You Question. We Get Answers.

Can dogs paws get frost bite?

Brad Asked:
Can a dog get frostbitten paws from going outside in the cold? If so, how can you prevent this?

We Found:
That is does not happen often, but is possible that dogs paws can get frost bite. Not many do, mainly other parts of the dog will get frost bite. Your dog’s feet, ears, and, depending on his size and coat, other body parts are susceptible to frostbite. Frostbite occurs when a part of the body freezes. If not treated immediately, frostbitten areas die and may fall off or have to be amputated. Frostbitten skin is pale and cool to the touch. It may look burned after thawing. If you think your dog has frostbite, warm the affected body parts slowly and get them to a veterinarian as quickly as possible.

Jagged ice, frozen plant stems, and sidewalk salt are common in yards and on walkways in winter. They’re sharp and can cut your dog’s foot pads. Snow can also collect on the hair between the pads, sometimes forming icy balls that can cause pain and injury to the foot. Trimming the long hair from the bottoms of the feet may help prevent problems with snowballs. Always check your dog’s feet after he/she has been out in snow. If you go for walks in the snow, check your dog’s feet frequently, or consider getting them some booties to protect their feet in bad weather.


A few helpful to tips to keep your best friend happy and healthy during the Winter season:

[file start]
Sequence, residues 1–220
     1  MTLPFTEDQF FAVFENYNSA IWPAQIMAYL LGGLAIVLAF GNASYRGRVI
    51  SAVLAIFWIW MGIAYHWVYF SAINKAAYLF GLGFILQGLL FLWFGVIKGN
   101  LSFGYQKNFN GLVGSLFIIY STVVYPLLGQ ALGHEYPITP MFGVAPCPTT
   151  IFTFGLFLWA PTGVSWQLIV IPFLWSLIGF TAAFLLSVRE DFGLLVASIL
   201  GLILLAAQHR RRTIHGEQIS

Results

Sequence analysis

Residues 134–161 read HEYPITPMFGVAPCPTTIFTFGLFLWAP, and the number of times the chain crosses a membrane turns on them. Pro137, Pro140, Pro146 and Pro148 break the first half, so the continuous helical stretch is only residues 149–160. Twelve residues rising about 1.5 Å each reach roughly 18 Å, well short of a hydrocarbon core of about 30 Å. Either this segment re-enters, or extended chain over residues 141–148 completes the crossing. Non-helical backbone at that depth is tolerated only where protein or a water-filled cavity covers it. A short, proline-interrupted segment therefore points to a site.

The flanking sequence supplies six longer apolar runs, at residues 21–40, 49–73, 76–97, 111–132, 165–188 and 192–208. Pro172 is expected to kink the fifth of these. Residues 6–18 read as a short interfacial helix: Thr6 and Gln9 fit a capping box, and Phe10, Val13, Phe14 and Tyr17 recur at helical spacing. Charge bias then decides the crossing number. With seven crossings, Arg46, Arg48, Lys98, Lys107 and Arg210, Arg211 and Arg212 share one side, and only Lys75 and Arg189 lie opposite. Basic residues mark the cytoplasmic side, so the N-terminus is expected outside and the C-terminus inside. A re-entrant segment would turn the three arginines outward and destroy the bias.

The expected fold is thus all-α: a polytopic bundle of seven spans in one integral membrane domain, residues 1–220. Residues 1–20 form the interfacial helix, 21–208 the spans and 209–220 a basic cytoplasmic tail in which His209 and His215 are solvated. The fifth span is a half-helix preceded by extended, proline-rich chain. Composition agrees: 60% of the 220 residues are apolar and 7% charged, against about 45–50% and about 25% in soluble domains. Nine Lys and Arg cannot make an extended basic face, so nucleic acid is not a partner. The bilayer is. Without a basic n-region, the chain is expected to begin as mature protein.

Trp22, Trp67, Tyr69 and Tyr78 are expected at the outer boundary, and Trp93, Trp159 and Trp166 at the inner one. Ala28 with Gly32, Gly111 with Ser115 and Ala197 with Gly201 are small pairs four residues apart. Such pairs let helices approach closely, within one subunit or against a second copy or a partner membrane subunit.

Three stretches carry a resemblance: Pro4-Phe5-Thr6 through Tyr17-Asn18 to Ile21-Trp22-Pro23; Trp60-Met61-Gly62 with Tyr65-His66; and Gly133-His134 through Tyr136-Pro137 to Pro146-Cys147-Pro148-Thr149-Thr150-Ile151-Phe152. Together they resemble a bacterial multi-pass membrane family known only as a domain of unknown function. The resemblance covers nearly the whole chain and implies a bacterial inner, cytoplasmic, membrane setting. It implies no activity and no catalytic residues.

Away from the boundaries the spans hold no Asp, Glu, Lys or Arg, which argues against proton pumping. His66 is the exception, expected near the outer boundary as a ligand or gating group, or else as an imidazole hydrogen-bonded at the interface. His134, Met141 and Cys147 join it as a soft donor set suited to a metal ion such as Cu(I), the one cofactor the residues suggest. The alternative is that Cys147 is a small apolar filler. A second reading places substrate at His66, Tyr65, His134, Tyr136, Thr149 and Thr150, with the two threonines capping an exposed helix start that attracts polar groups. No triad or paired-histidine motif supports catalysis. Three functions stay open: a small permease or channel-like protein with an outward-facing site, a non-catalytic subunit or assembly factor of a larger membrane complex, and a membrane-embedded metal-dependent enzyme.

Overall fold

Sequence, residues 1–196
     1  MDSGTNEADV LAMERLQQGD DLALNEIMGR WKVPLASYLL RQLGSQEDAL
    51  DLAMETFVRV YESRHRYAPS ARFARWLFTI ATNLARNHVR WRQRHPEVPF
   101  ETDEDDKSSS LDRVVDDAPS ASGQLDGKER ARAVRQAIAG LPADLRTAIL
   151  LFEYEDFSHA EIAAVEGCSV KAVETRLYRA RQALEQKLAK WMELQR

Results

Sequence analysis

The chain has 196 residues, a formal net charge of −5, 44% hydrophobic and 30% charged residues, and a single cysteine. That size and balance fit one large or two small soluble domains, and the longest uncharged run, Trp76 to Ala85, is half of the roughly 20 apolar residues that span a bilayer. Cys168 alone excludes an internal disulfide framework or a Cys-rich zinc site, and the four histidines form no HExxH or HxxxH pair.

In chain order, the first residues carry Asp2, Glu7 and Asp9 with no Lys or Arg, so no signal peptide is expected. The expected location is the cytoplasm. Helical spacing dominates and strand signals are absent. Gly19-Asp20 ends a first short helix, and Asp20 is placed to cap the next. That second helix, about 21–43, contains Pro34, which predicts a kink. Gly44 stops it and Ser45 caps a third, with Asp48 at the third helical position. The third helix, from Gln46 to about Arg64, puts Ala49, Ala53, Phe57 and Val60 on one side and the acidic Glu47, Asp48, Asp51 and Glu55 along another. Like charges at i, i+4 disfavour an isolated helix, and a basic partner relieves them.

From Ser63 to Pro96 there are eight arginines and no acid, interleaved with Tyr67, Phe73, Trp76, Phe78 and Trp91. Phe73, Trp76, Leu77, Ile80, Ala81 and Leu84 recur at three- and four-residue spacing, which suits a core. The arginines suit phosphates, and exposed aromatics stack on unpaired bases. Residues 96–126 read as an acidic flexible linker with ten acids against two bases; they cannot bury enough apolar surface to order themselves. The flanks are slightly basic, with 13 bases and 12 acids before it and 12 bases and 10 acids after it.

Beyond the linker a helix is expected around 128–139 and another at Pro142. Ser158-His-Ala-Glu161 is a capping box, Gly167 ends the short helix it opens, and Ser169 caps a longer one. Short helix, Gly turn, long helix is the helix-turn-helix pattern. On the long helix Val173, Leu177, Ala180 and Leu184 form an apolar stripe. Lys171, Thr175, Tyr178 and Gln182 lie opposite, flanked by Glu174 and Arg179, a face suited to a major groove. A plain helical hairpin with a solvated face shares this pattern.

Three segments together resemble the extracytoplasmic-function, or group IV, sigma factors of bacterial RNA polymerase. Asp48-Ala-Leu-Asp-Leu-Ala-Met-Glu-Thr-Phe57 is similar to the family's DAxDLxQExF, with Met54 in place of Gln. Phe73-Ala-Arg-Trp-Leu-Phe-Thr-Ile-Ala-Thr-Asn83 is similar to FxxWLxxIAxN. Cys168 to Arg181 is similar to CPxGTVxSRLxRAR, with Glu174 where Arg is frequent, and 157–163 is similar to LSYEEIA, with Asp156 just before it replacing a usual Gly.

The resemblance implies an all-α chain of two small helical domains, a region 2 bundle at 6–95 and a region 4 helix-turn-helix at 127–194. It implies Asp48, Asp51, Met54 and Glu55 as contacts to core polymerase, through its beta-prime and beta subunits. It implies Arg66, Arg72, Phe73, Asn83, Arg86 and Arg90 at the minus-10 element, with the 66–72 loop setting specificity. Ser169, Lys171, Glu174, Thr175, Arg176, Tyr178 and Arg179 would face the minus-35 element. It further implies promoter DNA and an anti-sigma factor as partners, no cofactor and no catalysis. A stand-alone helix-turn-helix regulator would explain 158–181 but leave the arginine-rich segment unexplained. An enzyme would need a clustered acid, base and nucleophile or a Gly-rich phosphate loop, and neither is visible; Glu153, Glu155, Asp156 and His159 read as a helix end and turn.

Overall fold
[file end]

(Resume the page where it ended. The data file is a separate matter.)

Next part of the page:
Clip the fur between toe pads to reduce the amount of snow that collects between toes, and clipped toenails.

* To help protect dry, sensitive paws, try coating them with a bit of cooking spray before walks in very cold weather.

* During deep snows, shovel out a potty spot for your dog.

* Many de-icing and ice-melting products are toxic. Read the labels of any projects you use, and store these products in tight containers.

* Upon returning home, wipe snow and ice off your dog’s feet, legs and belly. Little ice cubes can form in the sensitive spaces between the toes and toe-pads. Remove the ice carefully with your fingers since it may cling to the hairs between the paws. Wiping off your dog will remove any salt, antifreeze or other harmful chemicals that she could ingest them when licking her paws.

* Consider keeping a container of warm water and cloths by the door for use after walks. It is good to rinse the paws before you wipe them dry, because lime rock salt and calcium chloride salt can irritate the foot pads and cause vomiting and diarrhea when licked. Dunking in the water will also dissolve ice and remove mud.

Below are a few links you can purchase dog boots from. Keep in mind these may not be the most comfortable accessories for dogs, so temporary use is suggested ( bathrooms breaks outside and walks to keep your dog healthy).

http://www.uniquedogclothing.com/dog-shoesboots.html
http://www.petboots.com/
http://www.thisnext.com/tag/snowbootsfordogs/
http://www.gundogsupply.com/dog-boots.html

Posted by on 01/19 at 10:32 AM
No comments for you.

my golden retriever is an outside dog.he has an insulated house full of straw.i discovered that his paws are bleeding.i made an appt.with at animal hosp.today,could he have frostbite?

Posted by colleen morrow  on  01/29  at  10:27 AM
Page 1 of 1 pages
Please post any comments below. Comments are currently moderated for users who are not registered members of the site. Registration is free. Click Here! to register and start posting comments in real time!
Commenting is not available in this weblog entry.

Back to main...